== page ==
Over the past several years, there’s been no shortage of talk about alternative energy, and its potential to change the world. The problem is that most of it is just that — talk. But tonight, a report that aired on 60 Minutes showed one alternative that is not only real, it’s already being tested by companies such as Google and eBay. You simply have to watch this.
Bloom Energy are producing tiny fuel cell boxes they call “Bloom Boxes.” Two of these can apparently power a U.S. home (and only one for homes in countries that use less power). So how small are they? Look at the picture above, each device isn’t much bigger than a standard brick. Of course, they need to be surrounded by a larger unit that takes in an energy source (such as natural gas). But still, these units look to be about the size of a refrigerator and can easily fit outside of a home, providing it with clean, cheap energy.
Currently, these boxes cost some $700,000-$800,000, but eventually, founder K.R. Sridhar envisions one in every home — and he thinks he can get the cost below $3,000 for a unit to make that happen. And he’s talking a 5 to 10 year timeframe for this.
Naturally, there are plenty who are skeptical of something like this ever working. There have been no shortage of fuel cell ideas over the years, but none get their own segment on 60 Minutes showing working units. And none get to highlight the fact that they’re already installed at companies like Google, eBay, FedEx and others. In fact, four of these Bloom Boxes have apparently been powering a Google datacenter for the past 18 months. eBay says their five boxes have saved them over $100,000 in electricity costs over the past nine months.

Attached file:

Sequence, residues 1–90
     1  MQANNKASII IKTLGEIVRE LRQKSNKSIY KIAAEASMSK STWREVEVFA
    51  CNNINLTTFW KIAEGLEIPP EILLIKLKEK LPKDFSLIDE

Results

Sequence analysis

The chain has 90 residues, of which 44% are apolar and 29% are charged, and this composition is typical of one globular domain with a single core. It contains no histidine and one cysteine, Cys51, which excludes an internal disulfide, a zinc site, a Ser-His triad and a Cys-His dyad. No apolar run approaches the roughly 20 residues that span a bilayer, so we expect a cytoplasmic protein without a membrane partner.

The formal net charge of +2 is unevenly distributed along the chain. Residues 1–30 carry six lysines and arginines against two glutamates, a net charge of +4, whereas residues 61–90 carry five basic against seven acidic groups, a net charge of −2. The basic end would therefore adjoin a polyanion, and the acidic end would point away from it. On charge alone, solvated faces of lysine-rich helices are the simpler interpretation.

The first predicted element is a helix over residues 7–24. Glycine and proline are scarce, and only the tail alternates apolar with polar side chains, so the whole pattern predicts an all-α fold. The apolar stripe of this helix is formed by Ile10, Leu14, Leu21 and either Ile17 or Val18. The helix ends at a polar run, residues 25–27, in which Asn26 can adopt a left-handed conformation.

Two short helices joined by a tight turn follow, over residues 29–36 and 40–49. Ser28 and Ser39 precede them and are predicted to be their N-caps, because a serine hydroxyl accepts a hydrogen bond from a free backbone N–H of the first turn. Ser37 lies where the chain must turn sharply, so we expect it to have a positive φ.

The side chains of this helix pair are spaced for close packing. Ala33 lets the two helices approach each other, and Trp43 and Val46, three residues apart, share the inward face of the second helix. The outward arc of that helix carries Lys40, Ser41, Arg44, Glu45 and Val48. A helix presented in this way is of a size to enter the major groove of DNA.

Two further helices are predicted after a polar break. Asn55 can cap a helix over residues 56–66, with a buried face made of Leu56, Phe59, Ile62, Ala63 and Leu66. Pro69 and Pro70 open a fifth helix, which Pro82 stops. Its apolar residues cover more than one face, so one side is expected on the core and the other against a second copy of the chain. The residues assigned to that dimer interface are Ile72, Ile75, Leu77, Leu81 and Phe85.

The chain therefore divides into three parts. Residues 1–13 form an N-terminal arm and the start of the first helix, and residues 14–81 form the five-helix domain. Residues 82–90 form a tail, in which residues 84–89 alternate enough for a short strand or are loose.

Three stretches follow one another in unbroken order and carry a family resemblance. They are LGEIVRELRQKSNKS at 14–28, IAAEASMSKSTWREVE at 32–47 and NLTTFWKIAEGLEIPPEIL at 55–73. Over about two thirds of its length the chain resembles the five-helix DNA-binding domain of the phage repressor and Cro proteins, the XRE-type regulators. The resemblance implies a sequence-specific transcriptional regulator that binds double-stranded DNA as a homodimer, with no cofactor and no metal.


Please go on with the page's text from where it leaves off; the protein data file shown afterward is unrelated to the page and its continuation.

Bloom Energy also has former Secretary of State Colin Powell on its board of directors, and he talked up the Bloom Boxes on 60 minutes tonight also. And the company has something in the neighborhood of $400 million in funding from the likes of Kleiner Perkins and others. Kleiner’s John Doerr is also featured heavily in the 60 Minutes segment, talking about why he thinks this company can change the world perhaps even in a more profound way that another company he backed, Google, has. Bloom Energy was Kleiner’s first green tech investment.
Again, just watch the video and decide for yourself whether to be skeptical or amazed at this point. Right now, I’m definitely in the latter camp considering this thing is already being tested out. Apparently, Bloom Energy is due for a big formal public unveiling on Wednesday in San Jose (they have a countdown up on their site) —expect to hear a lot more then.